What was the biggest highlight of creating the “Process” collection? How was it different from working on your previous releases?
The colors! Making new and surprising combinations becomes challenging after 21 years. With “Process,” I took back some freedom in creating combinations. In the last 20 years, every collection consisted of eight colors, from which I would make 24 combinations. This color palette created a feeling and a theme for each collection. In principle, we’d make all our collections once, but we also have a growing selection of never-out-of-stock items. It makes it harder to add colors to the limited collections when we already have so many options.
In 2020, we turned 20 and I created a collection based on the 24 favorite color combinations from the last 20 years. It was a process of reflection, and it changed the way I develop my collections. Seeing so many good colors that I used in all these years, I realized that I would waste them if I never use them again. In “Process,” they ended up as contrasts to the eight “main” colors, and it became again an entirely new collection, not like any other I had done before. All the new collections will be made with a combination of new and old colors.
How does living in The Netherlands, or more specifically Rotterdam, influence you creatively and inspire you?
In the last few years, the themes of my collections became more conceptual and less about the connection to the colors. I feel like Rotterdam is a conceptual city. Think about its architecture and its way of living: less talk, more work; not too romantic and organic; and a little hard to love. These things are part of the brand’s DNA. We work with a local team in the city centre. We are lucky to have a big office and warehouse in the city centre. It’s so much more inspirational than working from a business park or suburb.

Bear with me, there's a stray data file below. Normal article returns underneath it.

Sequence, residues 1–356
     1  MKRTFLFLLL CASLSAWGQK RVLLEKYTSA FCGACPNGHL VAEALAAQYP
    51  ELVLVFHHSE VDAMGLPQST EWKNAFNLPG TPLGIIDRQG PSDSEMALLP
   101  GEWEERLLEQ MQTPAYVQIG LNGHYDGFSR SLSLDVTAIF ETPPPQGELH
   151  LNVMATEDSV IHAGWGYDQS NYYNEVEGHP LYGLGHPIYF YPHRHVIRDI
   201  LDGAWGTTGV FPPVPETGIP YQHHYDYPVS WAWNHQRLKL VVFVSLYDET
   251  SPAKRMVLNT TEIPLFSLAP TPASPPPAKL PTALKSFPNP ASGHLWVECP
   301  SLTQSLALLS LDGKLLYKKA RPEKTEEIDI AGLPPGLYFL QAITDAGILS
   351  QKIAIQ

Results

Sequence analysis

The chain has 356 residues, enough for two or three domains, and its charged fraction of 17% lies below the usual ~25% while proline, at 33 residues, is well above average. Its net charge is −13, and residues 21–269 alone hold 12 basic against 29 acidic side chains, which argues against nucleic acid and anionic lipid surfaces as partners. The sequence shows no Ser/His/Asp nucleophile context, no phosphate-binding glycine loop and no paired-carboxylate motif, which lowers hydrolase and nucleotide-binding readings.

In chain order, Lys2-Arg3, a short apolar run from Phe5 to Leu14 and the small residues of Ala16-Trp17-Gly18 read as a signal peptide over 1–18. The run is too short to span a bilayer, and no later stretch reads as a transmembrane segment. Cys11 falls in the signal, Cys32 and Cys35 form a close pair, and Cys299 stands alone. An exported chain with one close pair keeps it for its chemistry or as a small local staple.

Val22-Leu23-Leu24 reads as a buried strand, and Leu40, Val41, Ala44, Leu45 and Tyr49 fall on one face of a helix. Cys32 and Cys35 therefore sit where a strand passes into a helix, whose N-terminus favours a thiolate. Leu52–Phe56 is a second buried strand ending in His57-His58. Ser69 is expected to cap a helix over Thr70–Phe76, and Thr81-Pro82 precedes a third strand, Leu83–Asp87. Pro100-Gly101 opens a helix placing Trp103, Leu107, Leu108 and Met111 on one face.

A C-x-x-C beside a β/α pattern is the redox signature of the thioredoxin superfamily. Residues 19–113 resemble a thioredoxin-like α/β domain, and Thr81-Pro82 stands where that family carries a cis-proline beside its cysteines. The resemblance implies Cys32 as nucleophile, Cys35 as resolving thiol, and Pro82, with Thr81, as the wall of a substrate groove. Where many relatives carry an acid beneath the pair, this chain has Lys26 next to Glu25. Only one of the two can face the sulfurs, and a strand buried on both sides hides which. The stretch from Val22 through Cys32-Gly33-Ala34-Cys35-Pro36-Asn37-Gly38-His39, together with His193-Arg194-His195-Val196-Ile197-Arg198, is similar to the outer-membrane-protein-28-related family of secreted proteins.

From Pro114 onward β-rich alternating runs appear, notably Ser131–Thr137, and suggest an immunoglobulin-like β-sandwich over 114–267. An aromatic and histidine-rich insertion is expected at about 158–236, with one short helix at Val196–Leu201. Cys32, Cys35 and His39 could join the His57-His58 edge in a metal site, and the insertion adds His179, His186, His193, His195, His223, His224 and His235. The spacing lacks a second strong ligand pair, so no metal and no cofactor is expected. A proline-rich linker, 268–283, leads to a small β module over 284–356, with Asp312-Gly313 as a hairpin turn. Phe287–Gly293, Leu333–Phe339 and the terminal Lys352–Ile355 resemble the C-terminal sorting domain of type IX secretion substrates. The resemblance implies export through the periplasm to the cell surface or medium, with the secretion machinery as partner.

I never make a mood board, and I don’t have a specific theme in mind when I start a new collection. It’s always a reaction to the collection from the year before. It’s a continuous study about color.
What does community mean to the SUSAN BIJL brand?
It means so much to the brand. In the first years, I was making bags for friends and relatives. Everything was made-to-order. These first customers were the lucky few with our designs. When they met someone who’s also carrying a New Shopping Bag on the streets, in a different city or country, they’d greet each other and talk about how they got it. We’d receive photos in the mail of the New Shopping Bag in locations all over the world.
This was 20 years ago, and we still see the same thing happening on Instagram. We have such a broad target audience, but you will always be connected to the person that’s also carrying a New Shopping Bag. It’s also a Rotterdam thing. When you are on holiday and see one our bags, you will always think, “Hey, they are from Rotterdam!”.
We have such a loyal customer base. People that have all the designs and gift the New Shopping Bag to all their friends and family. It’s an accessible design — everyone needs a bag for groceries. So even if you don’t have any interest in the brand, you will end up using it anyway.